The question of equality in the EU-Africa partnership was the subject matter in a recent event organized by Portuguese CSOs on the occasion of her presidency of the European Union (EU). The scene of the debate presents a demand for a shift from technocratic paradigm to a genuine human fraternity. It raises questions whether the partnership is about government institutions and their shared interest or their peoples and the common good. Focusing on the common interest and technocratic paradigm has the tendency to exclude a sense of responsibility towards the weakest in the society and the common good.
The Portuguese Secretary of State for European Affairs and Corporation (Portugal), Francisco André, was very instructive in his stance. He opined that the partnership had moved away from being paternalism to that between equals. That position provoked the ire of the African participants because it differed radically from the African experience of the partnership. The idea of equality in the partnership probably arose from morphological similarities between the EU and AU. However, the comparison is a smokescreen that concealed the colossal asymmetry of institutional powers between the two continental unions, which is the principal reason for the partnership’s non-transformative impact on the African continent.
The desirable equality in Africa and the EU partnership is not for quantitative measurement of similar structural organizations on both sides but for a qualitative measure of the institutional capacity of Africa to navigate through the challenges of bi-and multilateralism for fairer outcomes for its peoples. Indeed, the so-called partnership of equals is a charade in its present state and can only be considered a vision. Nevertheless, how this narrative of equals can become a genuine partnership of equals remains to be seen.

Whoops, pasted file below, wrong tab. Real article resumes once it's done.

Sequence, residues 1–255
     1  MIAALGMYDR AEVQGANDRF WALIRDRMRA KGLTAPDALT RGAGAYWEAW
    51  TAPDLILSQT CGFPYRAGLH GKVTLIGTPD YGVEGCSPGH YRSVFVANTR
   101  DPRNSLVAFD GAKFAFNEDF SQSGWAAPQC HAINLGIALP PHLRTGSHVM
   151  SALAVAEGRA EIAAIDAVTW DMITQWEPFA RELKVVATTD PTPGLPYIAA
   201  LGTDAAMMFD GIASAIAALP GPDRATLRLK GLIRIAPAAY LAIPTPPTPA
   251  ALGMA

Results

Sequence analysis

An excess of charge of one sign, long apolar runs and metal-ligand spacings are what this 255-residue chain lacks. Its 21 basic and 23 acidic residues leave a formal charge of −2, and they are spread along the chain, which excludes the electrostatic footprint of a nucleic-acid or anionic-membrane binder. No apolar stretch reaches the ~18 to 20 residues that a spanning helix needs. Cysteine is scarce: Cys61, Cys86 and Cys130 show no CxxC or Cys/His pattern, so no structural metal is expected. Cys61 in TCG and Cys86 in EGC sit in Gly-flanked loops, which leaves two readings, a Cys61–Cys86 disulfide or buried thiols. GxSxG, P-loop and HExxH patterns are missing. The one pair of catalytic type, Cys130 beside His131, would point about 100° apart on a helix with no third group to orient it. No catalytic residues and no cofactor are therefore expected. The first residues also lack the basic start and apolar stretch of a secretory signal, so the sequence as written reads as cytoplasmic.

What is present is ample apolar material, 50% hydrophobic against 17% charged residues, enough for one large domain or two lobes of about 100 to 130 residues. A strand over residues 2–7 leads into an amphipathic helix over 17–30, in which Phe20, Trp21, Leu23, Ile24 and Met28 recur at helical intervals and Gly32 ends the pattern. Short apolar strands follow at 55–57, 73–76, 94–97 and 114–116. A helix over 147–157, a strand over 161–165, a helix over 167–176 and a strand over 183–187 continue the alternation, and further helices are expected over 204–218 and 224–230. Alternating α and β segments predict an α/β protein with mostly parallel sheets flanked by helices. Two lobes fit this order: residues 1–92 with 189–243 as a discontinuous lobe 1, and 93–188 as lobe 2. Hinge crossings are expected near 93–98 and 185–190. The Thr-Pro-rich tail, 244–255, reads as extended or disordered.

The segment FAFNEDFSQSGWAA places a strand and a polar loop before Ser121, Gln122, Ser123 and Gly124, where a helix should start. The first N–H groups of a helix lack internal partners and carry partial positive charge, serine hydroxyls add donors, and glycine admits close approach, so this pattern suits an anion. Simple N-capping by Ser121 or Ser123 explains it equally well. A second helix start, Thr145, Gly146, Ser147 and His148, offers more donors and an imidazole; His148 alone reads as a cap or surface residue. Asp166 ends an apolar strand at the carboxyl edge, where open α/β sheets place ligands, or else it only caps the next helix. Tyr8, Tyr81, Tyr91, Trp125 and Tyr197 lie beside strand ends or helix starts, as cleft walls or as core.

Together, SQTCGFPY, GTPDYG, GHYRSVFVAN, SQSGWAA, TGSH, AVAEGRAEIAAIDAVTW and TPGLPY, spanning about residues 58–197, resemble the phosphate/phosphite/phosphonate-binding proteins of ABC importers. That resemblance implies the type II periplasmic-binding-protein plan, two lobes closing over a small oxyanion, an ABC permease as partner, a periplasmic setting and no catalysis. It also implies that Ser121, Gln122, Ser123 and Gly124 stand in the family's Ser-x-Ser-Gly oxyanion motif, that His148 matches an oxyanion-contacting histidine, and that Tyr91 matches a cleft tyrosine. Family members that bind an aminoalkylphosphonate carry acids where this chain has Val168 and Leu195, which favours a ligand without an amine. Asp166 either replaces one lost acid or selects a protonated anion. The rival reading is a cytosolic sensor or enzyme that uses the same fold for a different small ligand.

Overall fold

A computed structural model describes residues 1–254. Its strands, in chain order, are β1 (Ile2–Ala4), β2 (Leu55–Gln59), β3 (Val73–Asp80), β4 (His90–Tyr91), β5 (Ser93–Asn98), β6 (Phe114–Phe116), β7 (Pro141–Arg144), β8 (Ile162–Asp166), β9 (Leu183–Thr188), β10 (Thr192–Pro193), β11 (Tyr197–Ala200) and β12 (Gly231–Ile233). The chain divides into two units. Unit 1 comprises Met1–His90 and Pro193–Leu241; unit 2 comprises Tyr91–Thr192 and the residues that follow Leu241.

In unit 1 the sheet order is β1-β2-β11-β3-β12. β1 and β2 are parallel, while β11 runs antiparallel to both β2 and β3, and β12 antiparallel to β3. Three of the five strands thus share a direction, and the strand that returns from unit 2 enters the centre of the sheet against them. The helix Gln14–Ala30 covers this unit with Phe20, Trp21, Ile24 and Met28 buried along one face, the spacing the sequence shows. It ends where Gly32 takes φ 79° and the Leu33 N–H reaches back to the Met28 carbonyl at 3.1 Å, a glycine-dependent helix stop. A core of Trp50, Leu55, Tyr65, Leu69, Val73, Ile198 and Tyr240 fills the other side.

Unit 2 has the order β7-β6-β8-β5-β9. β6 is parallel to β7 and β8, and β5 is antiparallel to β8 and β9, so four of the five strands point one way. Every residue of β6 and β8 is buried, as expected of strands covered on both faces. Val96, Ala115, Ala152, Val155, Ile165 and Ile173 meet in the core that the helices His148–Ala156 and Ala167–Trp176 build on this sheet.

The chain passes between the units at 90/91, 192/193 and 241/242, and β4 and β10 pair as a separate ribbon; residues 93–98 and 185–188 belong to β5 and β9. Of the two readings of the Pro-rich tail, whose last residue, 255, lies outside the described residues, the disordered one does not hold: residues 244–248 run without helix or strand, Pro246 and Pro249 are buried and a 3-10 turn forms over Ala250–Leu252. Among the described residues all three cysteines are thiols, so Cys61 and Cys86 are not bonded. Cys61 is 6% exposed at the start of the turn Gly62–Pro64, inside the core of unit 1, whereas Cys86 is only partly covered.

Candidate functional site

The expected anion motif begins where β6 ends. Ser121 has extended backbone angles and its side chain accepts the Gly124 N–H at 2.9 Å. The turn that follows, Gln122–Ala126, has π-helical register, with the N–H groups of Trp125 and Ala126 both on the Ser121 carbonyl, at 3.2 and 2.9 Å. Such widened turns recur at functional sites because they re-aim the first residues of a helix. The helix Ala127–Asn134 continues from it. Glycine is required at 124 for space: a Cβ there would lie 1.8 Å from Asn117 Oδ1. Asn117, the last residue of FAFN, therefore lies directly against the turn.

In contrast, Tanya Cox, Director; Concord Europe, stood out and resonated strongly with the experience of African participants. She underlined listening as a missing link in the Africa/EU partnership, inhibiting it from being transformative and innovative for Africa. She underscores that the partnership is not about the EU and the dysfunctional AU institutions but the peoples of Africa and the EU. It is only in the atmosphere of listening that both neighbours can understand what the partnership is all about for their peoples, that they are dependent on each other and that both regions have something to offer beyond the so-called aids
Indeed, listening is a very challenging activity and goes beyond the capacity to grasp the logic of words. It points to the art of hearing the groans and the human needs beneath the chaotic and incoherent words in a lopsided human relationship. When Tonya Cox underlined the pre-eminence of listening in the Africa-EU partnership, she inadvertently touched on what is fundamental in any successful human collaboration. Unfortunately, the positions that we want to defend and the privileges that we enjoy often prevent us from being listeners in human affairs. The call of Tanya Cox to the EU to enter into the listening mode in her partnership with Africa is a pathway for a more transformative partnership that must not be allowed to go unheeded.
AFEJN affirms the position of Cox and posits that in exploring this listening mode, the EU must be very attentive to the conflict between its values and its economic interest in Africa. The EU must let go of the short-term ill-fated partnership benefits for a long-term, more transformative and sustainable partnership. This shift demands honesty, the balance of power, building trust and the humility to consult with Africa to co-create a more meaningful and transformative agenda for the partnership. The summit is only a celebration of a process. The stakeholders are looking to see how the process engages the youths, women and local communities because the partnership is about them and not about Trans-National Corporations (TNCs). The pertinent question is whether the EU is listening to the people whom the outcome of the process would impact? Have those people been offered a seat in the process leading to the policy and summit?